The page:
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Sleeve gastrectomy, but not duodenojejunostomy, preserves total beta-cell mass in Goto-Kakizaki rats evaluated by three-dimensional optical projection tomography



In type 2 diabetes mellitus, there is a progressive loss of beta-cell mass. Bariatric surgery has in recent investigations showed promising results in terms of diabetes remission, but little is established regarding the effect of surgery on the survival or regeneration of pancreatic beta-cells. In this study, we aim to explore how bariatric surgery with its subsequent hormonal alterations affects the islets of Langerhans.


Twenty-four Goto-Kakizaki rats were operated with duodenojejunostomy (DJ), sleeve gastrectomy (SG) or sham operation. From the 38th week after surgery, body weight, fasting blood glucose, glycosylated hemoglobin, mixed meal tolerance with repeated measures of insulin, glucagon-like peptide 1, gastrin and total ghrelin were evaluated. Forty-six weeks after surgery, the animals were euthanized and the total beta-cell mass in all animals was examined by three-dimensional volume quantification by optical projection tomography based on the signal from insulin-specific antibody staining.


Body weight did not differ between groups (P g = 0.37). SG showed lower fasting blood glucose compared to DJ and sham (P g = 0.037); HbA1c levels in SG were lower compared to DJ only (p < 0.05). GLP-1 levels were elevated for DJ compared to SG and sham (P g = 0.001), whereas gastrin levels were higher in SG compared to the two other groups (P g = 0.002). Beta-cell mass was significantly greater in animals operated with SG compared to both DJ and sham (p = 0.036).


Sleeve gastrectomy is superior to duodenojejunostomy and sham operation when comparing the preservation of beta-cell mass 46 weeks after surgery in Goto-Kakizaki rats. This could be related to both the increased gastrin levels and the long-term improvement in glycemic parameters observed after this procedure.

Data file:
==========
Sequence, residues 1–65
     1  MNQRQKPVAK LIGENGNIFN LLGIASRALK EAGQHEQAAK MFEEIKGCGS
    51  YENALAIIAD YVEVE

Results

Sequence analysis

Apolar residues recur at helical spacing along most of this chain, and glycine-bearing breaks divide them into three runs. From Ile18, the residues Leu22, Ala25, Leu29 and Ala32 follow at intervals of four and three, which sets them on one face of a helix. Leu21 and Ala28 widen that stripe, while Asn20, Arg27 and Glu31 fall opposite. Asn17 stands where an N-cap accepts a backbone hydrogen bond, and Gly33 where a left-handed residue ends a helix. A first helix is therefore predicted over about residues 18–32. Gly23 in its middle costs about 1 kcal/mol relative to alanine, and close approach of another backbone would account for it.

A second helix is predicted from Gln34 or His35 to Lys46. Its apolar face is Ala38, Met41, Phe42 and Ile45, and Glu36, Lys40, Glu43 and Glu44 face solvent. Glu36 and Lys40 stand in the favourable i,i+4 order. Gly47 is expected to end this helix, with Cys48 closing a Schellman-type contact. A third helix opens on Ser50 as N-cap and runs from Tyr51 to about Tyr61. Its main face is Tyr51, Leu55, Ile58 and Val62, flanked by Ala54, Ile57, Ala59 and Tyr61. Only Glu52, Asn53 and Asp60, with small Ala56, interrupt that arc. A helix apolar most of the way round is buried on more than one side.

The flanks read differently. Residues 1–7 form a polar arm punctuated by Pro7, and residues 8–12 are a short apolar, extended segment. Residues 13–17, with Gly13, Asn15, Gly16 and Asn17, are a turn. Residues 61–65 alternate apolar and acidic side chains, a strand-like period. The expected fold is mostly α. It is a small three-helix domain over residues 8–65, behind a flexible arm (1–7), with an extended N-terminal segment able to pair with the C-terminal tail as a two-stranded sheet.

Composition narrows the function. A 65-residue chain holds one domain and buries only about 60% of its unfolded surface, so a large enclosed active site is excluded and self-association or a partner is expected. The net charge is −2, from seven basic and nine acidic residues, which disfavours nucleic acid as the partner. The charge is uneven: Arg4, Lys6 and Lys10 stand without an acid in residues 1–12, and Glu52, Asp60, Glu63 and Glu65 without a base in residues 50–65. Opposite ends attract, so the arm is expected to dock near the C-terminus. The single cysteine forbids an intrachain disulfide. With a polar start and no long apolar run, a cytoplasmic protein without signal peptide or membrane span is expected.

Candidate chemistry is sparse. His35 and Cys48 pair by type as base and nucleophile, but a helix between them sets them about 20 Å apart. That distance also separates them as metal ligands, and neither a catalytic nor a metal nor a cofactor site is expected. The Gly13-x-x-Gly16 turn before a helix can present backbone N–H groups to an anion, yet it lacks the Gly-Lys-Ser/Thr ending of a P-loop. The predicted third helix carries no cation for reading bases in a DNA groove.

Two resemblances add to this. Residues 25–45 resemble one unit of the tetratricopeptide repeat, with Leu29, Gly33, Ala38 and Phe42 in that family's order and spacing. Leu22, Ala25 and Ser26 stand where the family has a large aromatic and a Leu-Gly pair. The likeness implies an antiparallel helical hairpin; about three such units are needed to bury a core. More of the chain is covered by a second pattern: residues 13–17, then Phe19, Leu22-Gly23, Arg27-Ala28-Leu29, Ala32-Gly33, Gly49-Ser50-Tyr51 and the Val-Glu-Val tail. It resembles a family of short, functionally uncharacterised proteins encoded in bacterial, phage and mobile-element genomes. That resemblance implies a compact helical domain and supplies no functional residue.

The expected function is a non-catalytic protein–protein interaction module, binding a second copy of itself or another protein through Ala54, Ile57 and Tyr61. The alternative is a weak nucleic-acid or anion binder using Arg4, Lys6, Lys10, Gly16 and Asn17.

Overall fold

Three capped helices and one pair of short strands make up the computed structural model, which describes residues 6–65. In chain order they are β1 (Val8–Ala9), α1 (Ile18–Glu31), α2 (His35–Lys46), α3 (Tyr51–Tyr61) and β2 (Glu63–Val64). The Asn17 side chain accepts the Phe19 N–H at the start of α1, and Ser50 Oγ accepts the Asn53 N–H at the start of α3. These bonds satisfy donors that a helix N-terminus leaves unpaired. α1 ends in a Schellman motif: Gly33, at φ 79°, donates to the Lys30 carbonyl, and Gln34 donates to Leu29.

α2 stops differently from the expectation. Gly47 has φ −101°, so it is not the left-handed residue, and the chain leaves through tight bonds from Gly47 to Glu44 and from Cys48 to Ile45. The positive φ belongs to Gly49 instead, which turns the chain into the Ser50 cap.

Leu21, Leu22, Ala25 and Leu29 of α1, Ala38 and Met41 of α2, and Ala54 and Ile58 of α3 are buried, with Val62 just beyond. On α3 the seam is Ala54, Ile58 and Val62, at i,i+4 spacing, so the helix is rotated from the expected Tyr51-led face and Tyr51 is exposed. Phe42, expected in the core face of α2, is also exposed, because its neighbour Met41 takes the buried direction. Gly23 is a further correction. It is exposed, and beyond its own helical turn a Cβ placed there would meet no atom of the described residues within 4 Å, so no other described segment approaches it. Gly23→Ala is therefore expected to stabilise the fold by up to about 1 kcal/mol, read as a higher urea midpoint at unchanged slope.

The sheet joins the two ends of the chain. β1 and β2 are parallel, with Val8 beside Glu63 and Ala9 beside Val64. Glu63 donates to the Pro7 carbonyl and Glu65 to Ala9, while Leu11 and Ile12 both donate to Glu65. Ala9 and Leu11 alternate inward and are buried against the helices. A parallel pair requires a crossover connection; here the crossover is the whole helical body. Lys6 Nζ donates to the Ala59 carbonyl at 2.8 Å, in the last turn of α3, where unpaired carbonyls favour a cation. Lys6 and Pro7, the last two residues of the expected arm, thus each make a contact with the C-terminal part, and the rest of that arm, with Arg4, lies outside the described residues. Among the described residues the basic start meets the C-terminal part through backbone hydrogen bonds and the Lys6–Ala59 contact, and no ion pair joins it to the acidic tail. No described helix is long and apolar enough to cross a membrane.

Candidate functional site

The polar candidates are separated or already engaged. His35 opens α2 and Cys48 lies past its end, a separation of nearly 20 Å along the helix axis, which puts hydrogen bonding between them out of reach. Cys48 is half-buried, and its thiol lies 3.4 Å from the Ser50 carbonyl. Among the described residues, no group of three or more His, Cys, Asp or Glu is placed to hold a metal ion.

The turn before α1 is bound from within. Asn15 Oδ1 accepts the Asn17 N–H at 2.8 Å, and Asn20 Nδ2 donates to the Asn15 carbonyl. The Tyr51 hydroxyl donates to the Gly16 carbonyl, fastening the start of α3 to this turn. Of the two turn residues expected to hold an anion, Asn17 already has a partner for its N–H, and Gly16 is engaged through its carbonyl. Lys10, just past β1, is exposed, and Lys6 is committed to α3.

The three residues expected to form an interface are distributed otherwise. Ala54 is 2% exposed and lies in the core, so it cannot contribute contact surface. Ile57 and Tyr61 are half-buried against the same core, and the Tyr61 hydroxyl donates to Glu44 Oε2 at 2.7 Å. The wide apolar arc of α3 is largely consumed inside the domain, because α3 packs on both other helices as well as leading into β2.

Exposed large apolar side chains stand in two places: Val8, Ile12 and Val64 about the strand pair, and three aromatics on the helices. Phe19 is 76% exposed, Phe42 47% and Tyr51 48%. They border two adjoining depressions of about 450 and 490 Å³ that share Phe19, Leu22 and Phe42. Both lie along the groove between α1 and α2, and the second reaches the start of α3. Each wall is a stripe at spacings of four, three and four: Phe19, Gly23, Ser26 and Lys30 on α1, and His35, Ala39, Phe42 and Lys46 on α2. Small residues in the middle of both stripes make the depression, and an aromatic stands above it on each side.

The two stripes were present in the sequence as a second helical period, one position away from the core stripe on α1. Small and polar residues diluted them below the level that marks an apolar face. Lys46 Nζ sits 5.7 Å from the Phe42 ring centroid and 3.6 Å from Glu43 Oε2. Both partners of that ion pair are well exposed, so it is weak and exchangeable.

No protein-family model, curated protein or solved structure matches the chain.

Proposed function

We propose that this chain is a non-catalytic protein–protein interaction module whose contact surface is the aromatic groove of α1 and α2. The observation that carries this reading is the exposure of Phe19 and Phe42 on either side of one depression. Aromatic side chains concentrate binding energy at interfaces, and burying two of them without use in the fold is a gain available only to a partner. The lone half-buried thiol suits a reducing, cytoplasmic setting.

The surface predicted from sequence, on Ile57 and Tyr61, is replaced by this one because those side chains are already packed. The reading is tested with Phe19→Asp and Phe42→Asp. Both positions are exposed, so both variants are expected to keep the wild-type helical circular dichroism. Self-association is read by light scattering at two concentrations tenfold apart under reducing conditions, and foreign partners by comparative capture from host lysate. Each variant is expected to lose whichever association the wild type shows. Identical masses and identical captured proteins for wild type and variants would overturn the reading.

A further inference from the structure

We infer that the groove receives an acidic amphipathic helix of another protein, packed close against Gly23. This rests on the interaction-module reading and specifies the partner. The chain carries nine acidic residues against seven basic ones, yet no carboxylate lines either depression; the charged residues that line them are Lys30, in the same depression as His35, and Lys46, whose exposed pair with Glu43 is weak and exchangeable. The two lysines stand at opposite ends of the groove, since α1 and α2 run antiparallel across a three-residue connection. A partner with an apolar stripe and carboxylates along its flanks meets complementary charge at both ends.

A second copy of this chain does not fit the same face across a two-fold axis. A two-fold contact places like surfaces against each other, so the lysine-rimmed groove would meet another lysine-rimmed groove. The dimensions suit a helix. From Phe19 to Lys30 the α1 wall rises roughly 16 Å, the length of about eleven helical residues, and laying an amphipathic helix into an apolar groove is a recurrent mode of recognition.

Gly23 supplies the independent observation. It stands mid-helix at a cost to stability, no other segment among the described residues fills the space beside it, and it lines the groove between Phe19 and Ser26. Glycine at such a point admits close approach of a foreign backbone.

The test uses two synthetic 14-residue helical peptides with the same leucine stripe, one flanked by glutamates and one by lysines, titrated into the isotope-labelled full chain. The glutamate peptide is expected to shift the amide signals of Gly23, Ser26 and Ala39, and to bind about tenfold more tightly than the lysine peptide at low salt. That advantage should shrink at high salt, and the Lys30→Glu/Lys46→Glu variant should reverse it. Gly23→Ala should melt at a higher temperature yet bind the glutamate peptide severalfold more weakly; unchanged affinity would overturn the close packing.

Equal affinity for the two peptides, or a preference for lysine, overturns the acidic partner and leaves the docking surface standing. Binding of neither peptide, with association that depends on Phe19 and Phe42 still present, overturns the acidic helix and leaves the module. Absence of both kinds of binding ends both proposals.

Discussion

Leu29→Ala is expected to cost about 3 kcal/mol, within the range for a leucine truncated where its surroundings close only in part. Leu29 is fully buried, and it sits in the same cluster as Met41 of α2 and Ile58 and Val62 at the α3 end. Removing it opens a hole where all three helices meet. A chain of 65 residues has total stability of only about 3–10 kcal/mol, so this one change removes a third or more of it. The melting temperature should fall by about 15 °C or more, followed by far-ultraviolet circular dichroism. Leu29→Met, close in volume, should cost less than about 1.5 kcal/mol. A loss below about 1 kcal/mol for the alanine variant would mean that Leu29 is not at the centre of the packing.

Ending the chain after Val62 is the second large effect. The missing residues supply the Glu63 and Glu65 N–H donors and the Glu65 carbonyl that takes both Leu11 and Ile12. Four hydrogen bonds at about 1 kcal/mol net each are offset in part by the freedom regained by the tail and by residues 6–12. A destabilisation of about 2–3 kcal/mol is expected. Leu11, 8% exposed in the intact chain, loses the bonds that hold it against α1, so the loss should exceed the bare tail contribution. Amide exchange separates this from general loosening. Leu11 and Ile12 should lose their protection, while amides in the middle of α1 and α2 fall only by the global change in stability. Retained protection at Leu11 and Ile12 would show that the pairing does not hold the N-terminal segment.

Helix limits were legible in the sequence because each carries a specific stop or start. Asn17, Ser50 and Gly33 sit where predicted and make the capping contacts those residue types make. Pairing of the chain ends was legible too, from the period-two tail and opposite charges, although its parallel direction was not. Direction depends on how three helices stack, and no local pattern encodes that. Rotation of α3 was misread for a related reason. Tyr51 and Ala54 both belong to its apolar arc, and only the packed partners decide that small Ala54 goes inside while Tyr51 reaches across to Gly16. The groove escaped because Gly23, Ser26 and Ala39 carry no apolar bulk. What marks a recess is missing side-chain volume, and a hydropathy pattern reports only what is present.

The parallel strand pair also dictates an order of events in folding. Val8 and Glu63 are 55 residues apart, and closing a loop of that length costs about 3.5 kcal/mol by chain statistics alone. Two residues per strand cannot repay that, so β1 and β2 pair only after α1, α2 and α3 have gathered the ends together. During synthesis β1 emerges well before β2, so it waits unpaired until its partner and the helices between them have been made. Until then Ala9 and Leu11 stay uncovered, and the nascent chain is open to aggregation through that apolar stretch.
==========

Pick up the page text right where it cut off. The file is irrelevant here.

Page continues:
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We would like to thank biomedical laboratory scientist (BLS) Britt Schulze for performing gastrin RIA. We also would like to thank BLS Kristin Graven for performing HbA1c and general blood analyses. We would also thank PhD MSc Anna Eriksson for sharing and communicating her knowledge on the OPT protocol. Again we will express our gratitude toward the staff at the Department of comparative medicine at NTNU for technical assistance and their devoted care for all our animals. This study has been supported by the Norwegian University of Science and Technology (NTNU), Centre for Obesity, The Norwegian National Advisory Unit on Advanced Laparoscopic Surgery (NSALK) and The Cancer Fund, St. Olavs Hospital, Trondheim University Hospital, Trondheim, Norway, and The Swedish Research Council, Sweden.


Eivind Grong MS, Ingerid Brænne Arbo BLS PhD, Christoffer Nord MSc, Maria Eriksson MSc, Ulf Ahlgren MSc PhD, Bård Erik Kulseng MD PhD and Ronald Mårvik MD PhD have no conflicts of interest or financial ties to disclose.

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Grong, E., Kulseng, B., Arbo, I.B. et al. Sleeve gastrectomy, but not duodenojejunostomy, preserves total beta-cell mass in Goto-Kakizaki rats evaluated by three-dimensional optical projection tomography. Surg Endosc 30, 532–542 (2016).

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  • Duodenojejunostomy
  • Sleeve gastrectomy
  • Gastrin
  • Glucagon-like peptide 1
  • Beta-cell mass
  • Optical projection tomography
  • Goto-Kakizaki rats
  • Type 2 diabetes mellitus